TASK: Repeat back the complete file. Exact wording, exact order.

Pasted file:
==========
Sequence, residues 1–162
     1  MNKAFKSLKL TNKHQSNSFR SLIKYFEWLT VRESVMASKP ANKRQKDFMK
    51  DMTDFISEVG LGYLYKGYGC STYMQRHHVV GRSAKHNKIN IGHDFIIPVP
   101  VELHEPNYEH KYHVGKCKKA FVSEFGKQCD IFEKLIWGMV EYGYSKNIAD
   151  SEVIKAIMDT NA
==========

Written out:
Sequence, residues 1–162
     1  MNKAFKSLKL TNKHQSNSFR SLIKYFEWLT VRESVMASKP ANKRQKDFMK
    51  DMTDFISEVG LGYLYKGYGC STYMQRHHVV GRSAKHNKIN IGHDFIIPVP
   101  VELHEPNYEH KYHVGKCKKA FVSEFGKQCD IFEKLIWGMV EYGYSKNIAD
   151  SEVIKAIMDT NA